However just to address the elephant in the garden and provide some forewarning, by encouraging a tree to become standing deadwood it will become more liable to falling. This can be either it’s branches or it’s trunk due to the decay, and I would advise you avoid this practice if you aren’t confident of the initial cutting of the tree, or are wary of the risk/damage of falling wood. Perhaps aim for a tree in your garden that is already dead, and you would like to encourage further decay.


Why Encourage Deadwood?

Decomposing wood is part of every tree’s life cycle, and is essential to returning the vast & dense nutrients within it’s body to the surroundings. Throughout a trees decay, decomposition, and eventual death, the tree provides a nutrient-rich habitat for a variety of fungi, acts as a nursery for insects (especially beetles), and ergo a larder for insectivorous animals and birds.

By allowing this process to occur in your garden, it would feed the soils, plants, and wildlife in your garden for the duration of the tree’s decomposition, which in all likelihood is many years, offering you a long length of fertile soil and enjoyable wildlife sightings.

Standing and Fallen deadwood

The rarest of deadwood is a dead tree still standing,. Typically dead trees are weak to high winds and therefore are not common, yet those that remain in place offer a habitat for those that specialise this particular habitat. You may notice some very uncommon species making their home upon it. Living trees can even host deadwood, another natural lifecycle for trees, and occurs in branches, the trunk, or more commonly ion an event called Hollowing, within it’s Heartwood. The insides of a tree is referred to as the heartwood, and it is not alive, instead acting as a form of support for the weight of the tree. Trees can live a long time with actively decaying heartwood/limbs, with both the living and dying aspects of the wood supporting a wider array of species – even other plants when exposed;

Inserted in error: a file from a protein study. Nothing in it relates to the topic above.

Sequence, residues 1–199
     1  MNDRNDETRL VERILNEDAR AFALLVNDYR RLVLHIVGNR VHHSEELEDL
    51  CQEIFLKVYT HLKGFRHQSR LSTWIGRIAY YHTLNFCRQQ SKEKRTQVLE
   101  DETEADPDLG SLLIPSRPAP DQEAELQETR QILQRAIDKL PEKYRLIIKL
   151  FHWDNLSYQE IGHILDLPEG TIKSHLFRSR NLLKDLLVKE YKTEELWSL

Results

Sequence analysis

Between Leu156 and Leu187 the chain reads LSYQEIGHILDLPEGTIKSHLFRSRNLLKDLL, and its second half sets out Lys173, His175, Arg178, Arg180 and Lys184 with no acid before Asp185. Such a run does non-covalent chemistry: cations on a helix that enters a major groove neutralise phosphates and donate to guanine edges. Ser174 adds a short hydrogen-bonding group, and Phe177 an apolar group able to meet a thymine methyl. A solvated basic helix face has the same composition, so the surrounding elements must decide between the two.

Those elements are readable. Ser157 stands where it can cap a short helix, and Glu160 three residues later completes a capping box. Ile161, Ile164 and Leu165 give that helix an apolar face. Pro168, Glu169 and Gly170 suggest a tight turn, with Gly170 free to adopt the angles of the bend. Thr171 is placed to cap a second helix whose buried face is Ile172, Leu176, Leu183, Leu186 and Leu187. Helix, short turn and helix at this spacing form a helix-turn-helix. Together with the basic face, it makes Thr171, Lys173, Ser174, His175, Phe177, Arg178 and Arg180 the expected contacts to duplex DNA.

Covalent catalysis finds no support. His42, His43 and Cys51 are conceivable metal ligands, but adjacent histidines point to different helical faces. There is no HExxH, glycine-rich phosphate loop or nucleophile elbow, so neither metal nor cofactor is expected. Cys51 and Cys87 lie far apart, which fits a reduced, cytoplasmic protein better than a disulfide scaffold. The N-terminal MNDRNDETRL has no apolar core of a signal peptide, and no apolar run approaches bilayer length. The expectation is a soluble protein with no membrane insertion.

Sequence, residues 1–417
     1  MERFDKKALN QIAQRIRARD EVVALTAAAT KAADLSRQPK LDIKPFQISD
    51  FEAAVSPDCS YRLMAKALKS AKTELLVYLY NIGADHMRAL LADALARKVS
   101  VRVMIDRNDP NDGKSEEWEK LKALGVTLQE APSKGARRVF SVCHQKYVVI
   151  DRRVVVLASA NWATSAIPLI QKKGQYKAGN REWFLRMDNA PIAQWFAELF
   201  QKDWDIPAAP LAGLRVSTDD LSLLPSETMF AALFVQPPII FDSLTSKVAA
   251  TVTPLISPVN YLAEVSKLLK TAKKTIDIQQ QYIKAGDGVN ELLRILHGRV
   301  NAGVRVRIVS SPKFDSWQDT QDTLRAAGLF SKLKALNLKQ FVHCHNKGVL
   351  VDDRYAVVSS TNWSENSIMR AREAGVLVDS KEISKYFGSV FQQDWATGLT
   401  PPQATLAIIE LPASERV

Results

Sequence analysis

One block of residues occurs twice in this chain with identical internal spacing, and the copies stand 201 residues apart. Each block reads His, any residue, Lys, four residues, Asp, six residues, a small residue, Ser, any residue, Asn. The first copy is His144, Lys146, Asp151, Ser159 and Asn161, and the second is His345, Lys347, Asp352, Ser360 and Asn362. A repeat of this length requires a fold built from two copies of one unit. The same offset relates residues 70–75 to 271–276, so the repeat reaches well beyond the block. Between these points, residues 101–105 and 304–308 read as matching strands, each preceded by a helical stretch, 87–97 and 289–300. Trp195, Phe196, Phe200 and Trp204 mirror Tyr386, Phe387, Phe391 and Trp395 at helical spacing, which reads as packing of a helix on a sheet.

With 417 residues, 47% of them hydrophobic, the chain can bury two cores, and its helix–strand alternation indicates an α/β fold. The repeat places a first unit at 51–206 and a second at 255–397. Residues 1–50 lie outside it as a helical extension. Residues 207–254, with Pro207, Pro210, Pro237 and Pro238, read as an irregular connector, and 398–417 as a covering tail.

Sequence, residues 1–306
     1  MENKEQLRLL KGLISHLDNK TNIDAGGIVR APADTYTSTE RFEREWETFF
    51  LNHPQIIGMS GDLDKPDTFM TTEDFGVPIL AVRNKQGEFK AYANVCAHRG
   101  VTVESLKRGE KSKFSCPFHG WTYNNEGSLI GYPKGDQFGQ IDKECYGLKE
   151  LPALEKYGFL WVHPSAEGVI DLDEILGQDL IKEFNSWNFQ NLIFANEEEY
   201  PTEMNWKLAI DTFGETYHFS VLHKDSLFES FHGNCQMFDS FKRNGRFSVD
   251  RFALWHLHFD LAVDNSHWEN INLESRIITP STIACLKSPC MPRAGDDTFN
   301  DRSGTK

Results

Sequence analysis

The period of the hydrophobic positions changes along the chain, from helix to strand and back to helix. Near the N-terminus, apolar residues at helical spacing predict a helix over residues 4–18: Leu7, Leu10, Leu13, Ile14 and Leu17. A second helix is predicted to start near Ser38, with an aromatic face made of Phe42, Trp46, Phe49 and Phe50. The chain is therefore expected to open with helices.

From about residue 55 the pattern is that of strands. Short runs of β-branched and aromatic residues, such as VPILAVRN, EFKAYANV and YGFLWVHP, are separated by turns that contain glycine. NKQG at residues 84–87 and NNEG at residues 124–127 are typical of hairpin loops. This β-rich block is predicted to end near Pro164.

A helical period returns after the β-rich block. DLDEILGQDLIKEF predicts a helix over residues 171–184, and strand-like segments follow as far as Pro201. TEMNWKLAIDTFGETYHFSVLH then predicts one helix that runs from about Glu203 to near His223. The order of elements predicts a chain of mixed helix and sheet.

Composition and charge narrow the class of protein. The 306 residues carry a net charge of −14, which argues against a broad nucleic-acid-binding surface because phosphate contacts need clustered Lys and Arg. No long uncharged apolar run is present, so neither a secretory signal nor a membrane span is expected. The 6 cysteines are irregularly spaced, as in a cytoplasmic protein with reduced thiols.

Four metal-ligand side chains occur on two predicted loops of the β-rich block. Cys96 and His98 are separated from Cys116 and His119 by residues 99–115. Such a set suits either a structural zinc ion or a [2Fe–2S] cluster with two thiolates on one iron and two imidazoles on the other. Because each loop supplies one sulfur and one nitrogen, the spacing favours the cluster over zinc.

In general, most deadwood comes in the shape of fallen branches, bark, or the entire tree itself, and even roots beneath the ground. Beyond this, wood felled by human hand is also fairly common in some areas. Regardless of the source, once the decay & decomposition begin, the dense reserves of nutrients are released into the soils over time, slowly feeding the surrounding wildlife. Interestingly, plants have naturally adapted to the rate at which wood releases it’s nutrients, ensuring they make the most of the opportunity to invest in long-term development rather than speedy growth (unless found by a particularly voracious species).

Negative Connotations

Several poor connotations have been linked to dead & decaying wood, especially from our vantage point as humans. Rotting logs, torn branches, and felled trunks are seen as unhealthy, unsafe or untidy, a mindset that is correct when we must determine the state of rot in enclosed spaces, or if we are worried about risk of falling branches. So, wisely, us humans have a tendency to “neaten” our surroundings in efforts to enjoy better health, lower risks, cleanliness, and beauty of scenery, yet for deadwood our behaviours ultimately reduces the availability of this resource to wildlife, and the environment.